Not long ago I mentioned that a joint export subsidy and import tax would be offset by an appreciation of the real exchange rate. It’s worth pondering whether such results are the same for fixed and floating rates.
In the simplest model, the choice of exchange rate doesn’t matter. The real terms of trade adjust to the subsidy/tax mix under either regime, with the same final equilibrium.
That said, you might think that goods prices in international trade are nominally sticky in a way that exchange rates are not. Indeed you would be right, noting we don’t have a completely clear idea how much delivery lags and service quality changes sub in for some of (not all) the real price movements.
But there is a subtler difference as well. In a world of floating exchange rates, terms of trade move around more, in real terms, than if exchange rates were fixed. Call it noise, bubbles, or whatever, but sometimes nominal exchange rates have a “mind of their own,” and real exchange rates move much of the way with them.
For that reason, companies that engage in international trade have to be more robust to possible “taxes” — which include unfavorable exchange rate movements — than under the fixed rate regime. As a quick shorthand, I would say those companies need to have more market power to put up with the exchange rate volatility, though you can give the required corporate properties a few different twists, typically involving fixed costs, sunk costs, option values and the like rather than just market power in its simplest conception (it’s complicated.)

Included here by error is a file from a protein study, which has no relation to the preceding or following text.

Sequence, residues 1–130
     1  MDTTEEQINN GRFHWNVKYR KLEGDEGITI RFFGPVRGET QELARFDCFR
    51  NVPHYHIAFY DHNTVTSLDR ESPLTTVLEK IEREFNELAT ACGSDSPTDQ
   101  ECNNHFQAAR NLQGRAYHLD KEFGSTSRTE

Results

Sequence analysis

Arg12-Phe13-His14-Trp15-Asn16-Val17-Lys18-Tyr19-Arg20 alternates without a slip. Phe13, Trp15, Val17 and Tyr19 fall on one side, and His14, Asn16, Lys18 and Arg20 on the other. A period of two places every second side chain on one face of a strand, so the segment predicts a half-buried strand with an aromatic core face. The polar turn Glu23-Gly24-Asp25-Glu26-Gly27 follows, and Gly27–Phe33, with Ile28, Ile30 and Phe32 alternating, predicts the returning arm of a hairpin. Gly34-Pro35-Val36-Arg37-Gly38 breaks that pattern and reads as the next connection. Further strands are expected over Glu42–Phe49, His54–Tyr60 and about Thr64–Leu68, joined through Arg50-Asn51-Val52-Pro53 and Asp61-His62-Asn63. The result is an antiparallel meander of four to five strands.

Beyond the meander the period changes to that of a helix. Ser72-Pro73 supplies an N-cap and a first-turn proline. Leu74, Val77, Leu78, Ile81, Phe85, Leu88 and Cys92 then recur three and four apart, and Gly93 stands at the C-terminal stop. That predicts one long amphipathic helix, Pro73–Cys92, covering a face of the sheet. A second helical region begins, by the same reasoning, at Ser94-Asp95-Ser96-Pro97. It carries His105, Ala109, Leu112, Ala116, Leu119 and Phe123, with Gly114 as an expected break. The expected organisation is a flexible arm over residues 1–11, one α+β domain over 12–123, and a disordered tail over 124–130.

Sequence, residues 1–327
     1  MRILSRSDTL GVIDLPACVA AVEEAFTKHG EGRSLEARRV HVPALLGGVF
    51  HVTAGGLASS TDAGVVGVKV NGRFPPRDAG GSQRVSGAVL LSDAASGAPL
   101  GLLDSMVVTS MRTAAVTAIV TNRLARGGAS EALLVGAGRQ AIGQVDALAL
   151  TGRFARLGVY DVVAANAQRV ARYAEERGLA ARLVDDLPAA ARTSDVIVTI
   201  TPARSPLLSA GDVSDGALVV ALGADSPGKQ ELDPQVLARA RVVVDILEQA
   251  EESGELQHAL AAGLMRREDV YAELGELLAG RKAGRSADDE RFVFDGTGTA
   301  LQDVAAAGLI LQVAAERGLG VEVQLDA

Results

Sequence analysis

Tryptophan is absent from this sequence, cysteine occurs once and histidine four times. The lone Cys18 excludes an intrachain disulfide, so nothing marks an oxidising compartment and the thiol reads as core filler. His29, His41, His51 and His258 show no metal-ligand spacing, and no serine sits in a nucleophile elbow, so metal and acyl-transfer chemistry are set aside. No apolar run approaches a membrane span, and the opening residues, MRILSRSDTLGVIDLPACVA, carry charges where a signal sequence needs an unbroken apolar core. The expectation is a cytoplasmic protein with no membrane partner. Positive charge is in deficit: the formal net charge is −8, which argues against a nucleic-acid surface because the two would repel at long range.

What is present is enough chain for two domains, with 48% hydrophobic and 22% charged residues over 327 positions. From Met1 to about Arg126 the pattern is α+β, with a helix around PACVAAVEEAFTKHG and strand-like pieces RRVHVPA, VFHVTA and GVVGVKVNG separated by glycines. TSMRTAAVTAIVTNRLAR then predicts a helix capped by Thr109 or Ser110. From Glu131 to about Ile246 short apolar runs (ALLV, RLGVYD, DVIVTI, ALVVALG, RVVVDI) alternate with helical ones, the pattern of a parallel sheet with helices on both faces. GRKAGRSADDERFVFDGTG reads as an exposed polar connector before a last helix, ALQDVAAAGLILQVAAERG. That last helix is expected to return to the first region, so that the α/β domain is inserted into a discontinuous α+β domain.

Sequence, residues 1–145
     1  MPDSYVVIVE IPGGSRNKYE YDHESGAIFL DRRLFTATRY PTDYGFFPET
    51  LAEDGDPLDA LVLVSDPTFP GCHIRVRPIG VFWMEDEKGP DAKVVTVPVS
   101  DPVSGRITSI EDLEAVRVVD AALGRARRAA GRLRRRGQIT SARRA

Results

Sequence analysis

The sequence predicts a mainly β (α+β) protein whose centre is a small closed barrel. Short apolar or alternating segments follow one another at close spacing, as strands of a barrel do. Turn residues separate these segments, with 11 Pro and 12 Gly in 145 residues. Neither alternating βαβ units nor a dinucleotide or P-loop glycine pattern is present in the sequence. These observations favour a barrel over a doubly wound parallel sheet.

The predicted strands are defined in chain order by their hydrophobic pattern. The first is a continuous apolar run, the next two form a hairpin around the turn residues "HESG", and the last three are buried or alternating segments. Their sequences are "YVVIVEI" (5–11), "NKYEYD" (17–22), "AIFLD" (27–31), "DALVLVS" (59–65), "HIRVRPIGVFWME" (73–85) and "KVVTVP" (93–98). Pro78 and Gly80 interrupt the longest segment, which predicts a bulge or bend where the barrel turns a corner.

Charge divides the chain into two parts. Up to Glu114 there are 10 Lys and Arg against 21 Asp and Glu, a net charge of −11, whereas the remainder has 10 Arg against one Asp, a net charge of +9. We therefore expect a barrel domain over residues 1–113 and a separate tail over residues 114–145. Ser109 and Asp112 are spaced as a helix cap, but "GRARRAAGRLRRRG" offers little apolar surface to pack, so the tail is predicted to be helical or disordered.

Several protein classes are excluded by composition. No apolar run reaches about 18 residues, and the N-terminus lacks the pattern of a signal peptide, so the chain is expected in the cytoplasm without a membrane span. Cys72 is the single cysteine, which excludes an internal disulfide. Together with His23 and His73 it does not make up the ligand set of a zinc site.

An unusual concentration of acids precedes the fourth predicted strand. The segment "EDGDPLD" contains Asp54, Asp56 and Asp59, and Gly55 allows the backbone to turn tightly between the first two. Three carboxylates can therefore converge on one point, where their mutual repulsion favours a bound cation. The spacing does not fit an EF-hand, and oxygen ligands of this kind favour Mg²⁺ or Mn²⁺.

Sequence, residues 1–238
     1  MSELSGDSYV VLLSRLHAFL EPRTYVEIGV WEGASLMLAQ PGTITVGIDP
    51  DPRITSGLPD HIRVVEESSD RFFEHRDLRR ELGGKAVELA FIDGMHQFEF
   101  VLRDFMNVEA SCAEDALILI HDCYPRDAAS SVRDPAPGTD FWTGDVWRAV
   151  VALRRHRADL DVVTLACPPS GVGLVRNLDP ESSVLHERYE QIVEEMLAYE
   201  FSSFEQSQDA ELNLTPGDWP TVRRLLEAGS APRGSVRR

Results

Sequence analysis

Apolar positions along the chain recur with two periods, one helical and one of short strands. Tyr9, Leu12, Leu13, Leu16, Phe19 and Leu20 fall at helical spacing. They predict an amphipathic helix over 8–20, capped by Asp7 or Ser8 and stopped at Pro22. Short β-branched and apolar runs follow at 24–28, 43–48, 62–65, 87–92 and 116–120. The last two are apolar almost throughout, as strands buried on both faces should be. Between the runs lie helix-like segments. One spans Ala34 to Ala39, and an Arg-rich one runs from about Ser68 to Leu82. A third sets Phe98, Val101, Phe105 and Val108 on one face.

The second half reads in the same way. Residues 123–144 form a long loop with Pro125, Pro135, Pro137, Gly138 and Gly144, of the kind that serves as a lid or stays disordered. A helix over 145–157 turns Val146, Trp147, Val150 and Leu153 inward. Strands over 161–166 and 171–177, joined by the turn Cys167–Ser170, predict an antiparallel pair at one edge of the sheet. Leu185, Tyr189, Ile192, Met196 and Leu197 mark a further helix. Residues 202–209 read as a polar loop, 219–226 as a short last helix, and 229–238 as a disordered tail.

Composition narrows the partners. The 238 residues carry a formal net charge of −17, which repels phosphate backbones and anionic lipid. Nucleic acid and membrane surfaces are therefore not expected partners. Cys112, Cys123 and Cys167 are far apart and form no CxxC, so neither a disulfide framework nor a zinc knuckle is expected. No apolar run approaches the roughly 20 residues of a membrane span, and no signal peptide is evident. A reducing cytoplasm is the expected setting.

In other words, floating exchange rates, especially when there is a historical experience of ongoing real exchange rate volatility, will mean companies are more tariff-robust.
This is one reason why the Trump protectionist talk, while it is 110% bad, and bad for American foreign policy as well, and bad for uncertainty, and bad bad bad bad bad, and sometimes connected to bad bad bad people as well (did I say bad? It’s BAD!), won’t quite have the negative economic impact that many people think.
Think back to the mid-80s, when the USD went from 3.45 Deutschmarks to 1.7 Deutschmarks in what, less than two years’ time? That was the equivalent of a huge tax on Mercedes-Benz as an exporting firm. Did Mercedes like that? No. Did they manage? Well, mostly, sort of. Of course they had a fair amount of market power at the time, they would have less today.
A five percent tariff, relative to the built-in adjustments possible in light of changes in floating exchange rates, is for the most part manageable, at least on narrow economic grounds. Much of that five percent ends up as a tax on the monopoly profits of exporters. You can google and read up on “exchange rate pass-through.”
You will note that some of this argument draws on earlier research by Paul Krugman, though I am not suggesting he necessarily agrees with my application or interpretation; here are his recent remarks.
The foreign policy and presidential signaling and uncertainty-related issues, not the narrow economics, are still the main problem with a five or ten percent trade tax, and they are reason not to go down this route. But it is worth being clear on the economics. The oversimplified statement of the neglected insight here is “floating exchange movements tax trade all the time.”